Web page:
International Space Station for the Equinox
By Chuck McPartlin
The International Space Station is back in Santa Barbara’s skies to celebrate the beginning of Autumn and the latest loony prophecy for the end of the world. To get the most recent predictions, at least for the ISS, visit Heavens Above.
On Saturday, September 23, the ISS will rise in the SSW at 8:06 PM, in the stinger of Scorpius, and pass over our ocean horizon to enter the Earth’s shadow in Aquarius at 8:09 PM in the SE.
The first pass on Sunday will appear in the S at 7:14 PM, and cruise low across the ocean to vanish in the E at 7:19 PM, just below the Great Square of Pegasus. The ISS will pop up again near the Moon in the WSW at 8:50 PM, and climb briefly past bright orange Arcturus to disappear in the Ice Cream cone of Bootes in the WNW at 8:52 PM.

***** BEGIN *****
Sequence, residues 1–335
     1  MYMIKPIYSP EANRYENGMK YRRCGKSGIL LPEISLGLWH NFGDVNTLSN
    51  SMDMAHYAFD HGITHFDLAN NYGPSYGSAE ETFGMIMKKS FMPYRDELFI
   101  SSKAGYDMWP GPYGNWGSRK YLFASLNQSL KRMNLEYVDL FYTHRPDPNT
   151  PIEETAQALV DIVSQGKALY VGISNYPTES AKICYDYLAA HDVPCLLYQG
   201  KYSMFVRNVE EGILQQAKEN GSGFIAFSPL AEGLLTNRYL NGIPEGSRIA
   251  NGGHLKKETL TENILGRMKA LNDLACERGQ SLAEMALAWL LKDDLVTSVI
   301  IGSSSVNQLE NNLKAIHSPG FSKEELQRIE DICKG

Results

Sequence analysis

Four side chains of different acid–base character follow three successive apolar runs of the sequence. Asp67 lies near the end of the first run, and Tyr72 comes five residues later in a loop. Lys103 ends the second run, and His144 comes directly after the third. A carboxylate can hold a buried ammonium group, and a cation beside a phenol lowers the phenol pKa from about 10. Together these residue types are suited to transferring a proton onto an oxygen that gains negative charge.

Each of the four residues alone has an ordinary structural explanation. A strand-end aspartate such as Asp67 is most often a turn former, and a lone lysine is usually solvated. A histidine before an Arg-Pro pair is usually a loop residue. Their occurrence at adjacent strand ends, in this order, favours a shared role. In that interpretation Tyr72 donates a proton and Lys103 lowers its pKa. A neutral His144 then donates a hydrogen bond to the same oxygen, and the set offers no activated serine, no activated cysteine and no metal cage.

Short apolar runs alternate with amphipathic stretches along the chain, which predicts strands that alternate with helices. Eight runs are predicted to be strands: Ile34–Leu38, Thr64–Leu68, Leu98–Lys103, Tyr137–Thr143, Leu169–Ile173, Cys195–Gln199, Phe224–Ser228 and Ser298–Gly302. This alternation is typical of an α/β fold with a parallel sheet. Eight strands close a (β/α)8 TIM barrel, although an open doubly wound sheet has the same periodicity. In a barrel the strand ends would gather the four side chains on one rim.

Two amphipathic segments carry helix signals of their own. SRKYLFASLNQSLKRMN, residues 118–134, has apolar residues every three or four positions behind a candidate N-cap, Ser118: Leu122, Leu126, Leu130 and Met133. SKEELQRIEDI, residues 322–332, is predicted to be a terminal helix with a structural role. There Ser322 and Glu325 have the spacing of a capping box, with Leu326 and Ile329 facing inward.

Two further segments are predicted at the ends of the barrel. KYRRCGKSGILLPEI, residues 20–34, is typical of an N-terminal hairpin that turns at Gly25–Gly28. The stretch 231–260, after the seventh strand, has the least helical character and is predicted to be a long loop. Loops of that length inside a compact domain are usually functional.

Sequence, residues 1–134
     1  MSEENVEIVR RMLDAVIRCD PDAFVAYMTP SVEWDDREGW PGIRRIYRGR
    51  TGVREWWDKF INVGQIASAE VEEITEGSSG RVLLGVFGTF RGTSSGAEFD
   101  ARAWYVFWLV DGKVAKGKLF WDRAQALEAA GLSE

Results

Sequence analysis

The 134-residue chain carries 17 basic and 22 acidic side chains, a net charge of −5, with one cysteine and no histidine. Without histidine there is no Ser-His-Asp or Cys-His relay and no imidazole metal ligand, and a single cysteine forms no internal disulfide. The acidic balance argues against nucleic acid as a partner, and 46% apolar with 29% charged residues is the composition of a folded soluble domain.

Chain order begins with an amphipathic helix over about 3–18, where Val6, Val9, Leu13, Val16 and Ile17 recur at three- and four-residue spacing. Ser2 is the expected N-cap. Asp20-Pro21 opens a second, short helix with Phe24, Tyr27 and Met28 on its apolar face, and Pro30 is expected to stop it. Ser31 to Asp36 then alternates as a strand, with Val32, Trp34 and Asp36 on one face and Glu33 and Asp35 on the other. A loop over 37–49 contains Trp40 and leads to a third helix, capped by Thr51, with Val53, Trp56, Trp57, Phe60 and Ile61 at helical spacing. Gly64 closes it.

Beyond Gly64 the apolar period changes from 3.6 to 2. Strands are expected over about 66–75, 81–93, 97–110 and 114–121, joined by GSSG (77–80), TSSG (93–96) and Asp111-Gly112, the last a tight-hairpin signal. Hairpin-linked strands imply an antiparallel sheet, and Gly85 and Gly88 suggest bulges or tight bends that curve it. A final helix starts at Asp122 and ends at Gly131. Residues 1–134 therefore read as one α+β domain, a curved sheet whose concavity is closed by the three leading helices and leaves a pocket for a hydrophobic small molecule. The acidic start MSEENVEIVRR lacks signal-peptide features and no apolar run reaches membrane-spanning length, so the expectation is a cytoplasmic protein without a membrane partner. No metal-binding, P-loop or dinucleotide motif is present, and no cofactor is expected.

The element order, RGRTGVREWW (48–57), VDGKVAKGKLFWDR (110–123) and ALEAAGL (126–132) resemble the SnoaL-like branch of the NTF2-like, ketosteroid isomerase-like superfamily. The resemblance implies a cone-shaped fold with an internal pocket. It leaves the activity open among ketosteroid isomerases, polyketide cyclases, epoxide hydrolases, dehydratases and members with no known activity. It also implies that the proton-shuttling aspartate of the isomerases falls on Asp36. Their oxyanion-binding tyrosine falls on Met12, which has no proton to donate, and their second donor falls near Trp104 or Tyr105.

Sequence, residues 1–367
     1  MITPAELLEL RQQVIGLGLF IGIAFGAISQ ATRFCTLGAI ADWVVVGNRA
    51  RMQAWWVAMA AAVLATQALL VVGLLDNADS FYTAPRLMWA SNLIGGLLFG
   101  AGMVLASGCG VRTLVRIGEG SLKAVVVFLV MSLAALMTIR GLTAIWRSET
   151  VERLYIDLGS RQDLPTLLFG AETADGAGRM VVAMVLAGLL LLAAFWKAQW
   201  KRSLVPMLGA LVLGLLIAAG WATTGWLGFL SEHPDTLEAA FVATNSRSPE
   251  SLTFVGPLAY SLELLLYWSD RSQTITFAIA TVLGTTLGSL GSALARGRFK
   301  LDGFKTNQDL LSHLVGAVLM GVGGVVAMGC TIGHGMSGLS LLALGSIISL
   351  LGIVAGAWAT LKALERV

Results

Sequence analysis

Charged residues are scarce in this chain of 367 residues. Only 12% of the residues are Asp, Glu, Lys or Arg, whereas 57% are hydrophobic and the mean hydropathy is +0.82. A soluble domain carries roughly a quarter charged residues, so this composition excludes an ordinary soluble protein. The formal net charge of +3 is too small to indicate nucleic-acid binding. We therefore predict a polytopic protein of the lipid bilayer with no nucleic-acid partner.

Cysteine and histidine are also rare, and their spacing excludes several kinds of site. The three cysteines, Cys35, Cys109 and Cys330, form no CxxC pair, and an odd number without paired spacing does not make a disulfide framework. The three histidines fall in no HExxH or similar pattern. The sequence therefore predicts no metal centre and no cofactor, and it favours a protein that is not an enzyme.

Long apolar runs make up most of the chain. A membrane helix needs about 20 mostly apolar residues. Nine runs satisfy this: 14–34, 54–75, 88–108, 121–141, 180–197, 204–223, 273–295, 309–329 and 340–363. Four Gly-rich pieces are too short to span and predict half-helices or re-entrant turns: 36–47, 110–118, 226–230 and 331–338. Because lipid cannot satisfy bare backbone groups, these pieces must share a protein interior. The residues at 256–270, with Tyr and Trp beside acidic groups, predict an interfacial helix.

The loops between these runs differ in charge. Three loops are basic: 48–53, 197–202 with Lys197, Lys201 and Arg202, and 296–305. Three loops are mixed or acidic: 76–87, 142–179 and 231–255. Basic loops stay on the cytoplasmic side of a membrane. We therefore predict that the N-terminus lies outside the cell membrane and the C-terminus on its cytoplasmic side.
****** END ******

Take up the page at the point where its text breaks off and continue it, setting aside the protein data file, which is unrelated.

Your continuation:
Monday’s pass will be the best and brightest, rising at 7:57 PM in the SW and cruising high across the dim constellations Hercules and Draco, setting in the NE between Cassiopeia and Perseus at 8:03 PM.
On Tuesday, September 26, the station will appear in the WNW at 8:43 PM and cruise our mountain horizon past Arcturus and along the Big Dipper, vanishing just past the bowl in the NNW at 8:46 PM.
Wednesday’s appearance will share a similar path, rising in the W at 7:49 PM, and going all the way to Perseus in the NNE to set at 7:55 PM.
There will not be a visible evening pass on Thursday.
Friday’s path will be a lower repeat of Wednesday’s, rising in the WNW at 7:42 PM, and setting in the N at 7:46 PM.